I thinkReince Priebus, who was the chairman of the party then, and there's a lot of credit for initiating that so-called autopsy. It's always difficult to be self-critical. And what's fascinating about that is the conclusions were fairly obvious. You had to appeal more to nonwhite, yet appeal more to younger voters who had to appeal more to women. But it was presented not only as a political necessity to win elections — because we'd only won the popular vote once since [the] 1988 presidential votes — it was presented as a moral mandate, that if you are going to deserve the right to be the governing party of this big, confusing, loud, changing country, you needed to reflect that. So then Donald Trump comes along, and you can almost hear this audible sigh of relief and all that got thrown out and go, "Well, thank God we don't have to pretend we care about this stuff. We can just win with white folks and we can just be comfortable with that." And I mean, it just showed how phony it was.

On Trump's campaign strategy for the fall

It is going to be the ugliest campaign we've ever seen by a desperate man.

It's going to be a racial grievance campaign unlike we have ever seen on the national stage. I think it is going to be the ugliest campaign we've ever seen, by a desperate man. So Donald Trump is behind now and he's talking about suspending the elections. Think about a week out if he's behind: If I was a Canadian minister of defense, I'd be worried he's going to invade Ottawa. This is an unstable man who is headed to potentially a historic defeat. And I think he's going to wave the bloody shirt and try to scare white voters, and I think they're going to do everything they can to suppress nonwhite votes. Legal, illegal, quasi-legal. That's what they're going to try to do because they think that's the only way they can win.

On what he believes is next for the Republican Party

I really am extraordinarily negative on the prospects of the party, and it's an unusual position for me because I've always been sort of the eternal optimist and always thought that we could come back from any deficit. I came across a statistic recently that just absolutely blew my mind: Of Americans 15 years and under, the majority are nonwhite. ... And what does that mean for the Republican Party? It's just a stage 4 cancer warning and the party gives no reason that it's going to change.

So I see the Republican Party, [what will] happening nationally, as what happens to the Republican Party in California. So California was the beating heart and soul of the Republican Party. It was an electoral citadel that we based all victory on. And now where's the Republican Party? It's in third place, not second, third [in registration]. ... And the Republican Party, really, for the most part, became irrelevant in the debate of policy in California. They've made themselves irrelevant. And I see the same thing happening with the national Republican Party.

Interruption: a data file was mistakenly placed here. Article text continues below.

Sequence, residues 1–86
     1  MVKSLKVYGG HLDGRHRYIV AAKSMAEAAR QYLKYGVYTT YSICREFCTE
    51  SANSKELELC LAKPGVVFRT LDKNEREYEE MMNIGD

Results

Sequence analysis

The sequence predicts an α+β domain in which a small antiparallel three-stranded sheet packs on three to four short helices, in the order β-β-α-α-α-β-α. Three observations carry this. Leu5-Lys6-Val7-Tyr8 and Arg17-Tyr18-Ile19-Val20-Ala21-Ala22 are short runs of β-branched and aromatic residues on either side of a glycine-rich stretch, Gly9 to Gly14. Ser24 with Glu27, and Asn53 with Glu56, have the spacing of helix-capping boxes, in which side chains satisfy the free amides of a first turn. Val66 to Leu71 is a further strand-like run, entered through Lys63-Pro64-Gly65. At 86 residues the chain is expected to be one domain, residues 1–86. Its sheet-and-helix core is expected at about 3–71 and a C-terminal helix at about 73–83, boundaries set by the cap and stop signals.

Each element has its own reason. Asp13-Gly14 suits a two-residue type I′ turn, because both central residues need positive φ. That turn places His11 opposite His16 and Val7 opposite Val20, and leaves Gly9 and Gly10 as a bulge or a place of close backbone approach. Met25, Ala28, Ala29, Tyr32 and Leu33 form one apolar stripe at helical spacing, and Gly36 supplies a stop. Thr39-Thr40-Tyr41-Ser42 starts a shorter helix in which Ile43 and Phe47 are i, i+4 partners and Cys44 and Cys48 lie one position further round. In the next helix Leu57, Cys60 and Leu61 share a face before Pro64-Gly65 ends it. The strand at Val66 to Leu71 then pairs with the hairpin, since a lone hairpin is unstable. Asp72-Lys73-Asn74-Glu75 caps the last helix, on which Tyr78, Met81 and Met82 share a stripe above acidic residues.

There is a market for a center-right party and a need for it in America. I think something else will evolve. But to get a sense of how deep Trumpism is instilled, there's another Republican Party out there and that's these governors. So if you look at these very popular governors in blue states like [Larry] Hogan in Maryland, Charlie Baker, Massachusetts, Phil Scott here in Vermont, I work for all these guys. And if the Republican Party had any sense, I'd say, look, these guys are wildly popular in the hardest market. What can we learn from them? Instead, the party kind of treats them with benign neglect. But each of these governors, wildly popular as they are, they can't pick their own party chairman. They're Trump people, and the idea that a governor couldn't pick a party chairman is so mind-boggling, it just shows how deep Trumpism has become in the party.

Sam Briger and Seth Kelley produced and edited this interview for broadcast. Bridget Bentz, Molly Seavy-Nesper and Meghan Sullivan adapted it for the Web.

Copyright 2021 Fresh Air. To see more, visit Fresh Air.

Corrected: August 14, 2020 at 12:00 AM EDT
In the audio version of this story, we suggest that the vote on the 1964 Civil Rights Act represented a change in how the parties addressed race. A higher percentage of congressional Republicans voted for the law as compared with Democrats. However, that year the Republican Party nominated Barry Goldwater, who voted no, for president and saw the start of a migration of pro-segregation Southern Democrats to the GOP
Dave Davies is a guest host for NPR's Fresh Air with Terry Gross.